Read: Creativity is Intelligence Having Fun
Tips & Tools
I’ve given you a whole lot of links above, so we don’t have our usual number of tips and tools this week.
Here are two European locations that are now offering a digital nomad visa.
Read: Romania’s digital nomad visa might be the most accessible yet
Read: Digital nomads in Croatia can stay for a year without paying income tax
Are safety and security high on your priority list? Here’s a recent roundup of the 10 Safest Cities. . .
Read: The World’s Safest Cities have been revealed
Some of the links on this page may be affiliate links. That means, if you click and purchase, you pay exactly the same amount and I’ll earn a small commission. These fees help me to keep the free information flowing.
In Case You Missed It. . .
10 Awesome Reasons to Become an Anywhereist
My friend Michael Gibbs wrote this guest post, where he lays out 10 awesome reasons he wants to become an Anywhereist.
I’ve been extremely attracted to the idea of working from anywhere ever since I first heard about it. The freedom that comes with such a lifestyle really appeals to me. Now, it’s not merely an attractive idea, but I’ve decided to proactively pursue the life of an Anywhereist.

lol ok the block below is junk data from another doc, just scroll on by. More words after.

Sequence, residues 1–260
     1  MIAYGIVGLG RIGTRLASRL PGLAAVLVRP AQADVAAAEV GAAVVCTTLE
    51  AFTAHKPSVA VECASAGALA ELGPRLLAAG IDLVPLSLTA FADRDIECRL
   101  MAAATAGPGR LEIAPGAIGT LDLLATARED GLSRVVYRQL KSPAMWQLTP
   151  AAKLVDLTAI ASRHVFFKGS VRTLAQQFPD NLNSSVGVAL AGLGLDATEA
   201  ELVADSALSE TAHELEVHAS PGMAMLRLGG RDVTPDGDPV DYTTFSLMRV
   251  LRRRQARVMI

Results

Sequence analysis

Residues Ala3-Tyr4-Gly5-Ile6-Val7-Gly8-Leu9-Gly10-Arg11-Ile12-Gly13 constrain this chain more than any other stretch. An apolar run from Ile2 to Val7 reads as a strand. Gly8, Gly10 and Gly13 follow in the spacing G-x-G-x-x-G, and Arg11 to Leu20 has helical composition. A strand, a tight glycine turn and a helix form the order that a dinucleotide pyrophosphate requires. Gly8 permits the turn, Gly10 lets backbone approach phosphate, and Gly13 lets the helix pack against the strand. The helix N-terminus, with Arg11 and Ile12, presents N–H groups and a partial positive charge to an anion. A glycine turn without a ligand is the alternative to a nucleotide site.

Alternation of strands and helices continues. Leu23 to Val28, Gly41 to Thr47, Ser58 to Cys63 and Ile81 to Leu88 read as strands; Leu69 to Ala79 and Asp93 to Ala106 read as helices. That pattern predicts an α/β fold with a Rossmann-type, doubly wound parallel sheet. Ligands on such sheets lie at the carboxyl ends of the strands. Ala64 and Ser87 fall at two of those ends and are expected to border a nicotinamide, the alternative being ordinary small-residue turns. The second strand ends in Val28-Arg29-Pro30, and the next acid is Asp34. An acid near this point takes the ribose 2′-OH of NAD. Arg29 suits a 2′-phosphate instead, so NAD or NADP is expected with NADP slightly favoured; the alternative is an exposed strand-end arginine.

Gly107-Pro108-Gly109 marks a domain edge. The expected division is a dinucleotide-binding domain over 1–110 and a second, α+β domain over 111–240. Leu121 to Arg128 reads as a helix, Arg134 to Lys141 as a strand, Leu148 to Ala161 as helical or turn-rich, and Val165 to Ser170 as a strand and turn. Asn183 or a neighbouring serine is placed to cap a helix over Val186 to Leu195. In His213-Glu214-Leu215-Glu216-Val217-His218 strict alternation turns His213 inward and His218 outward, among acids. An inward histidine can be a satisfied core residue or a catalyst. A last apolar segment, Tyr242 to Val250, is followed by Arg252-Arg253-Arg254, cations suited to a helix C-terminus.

To be honest, I’ve never been interested in lounging on the beach with my laptop, an image often used to portray the life of a digital nomad. One, I have no interest in staring at a computer screen while surrounded by such a beautiful environment. Two, I wouldn’t want to chance the possibility of ruining my laptop by getting sand inside it. . .
. . . Working at the beach may be your ideal, but here are ten awesome reasons why I want to become an Anywhereist . . .
Curious, which one is your favorite? Leave a comment or send a tweet to @TheAnywhereist and let me know. Can you guess what mine is?
If you like what you’re reading on this page, you can get this carefully curated newsletter delivered to your inbox every other week. Just fill in your best email address below, and join us!
Explore Life. Create Anywhere.
On random Wednesdays, I’ll email you the best hand-picked tools, tips, and information to help you do your best creative work from anywhere.
No spam. Promise.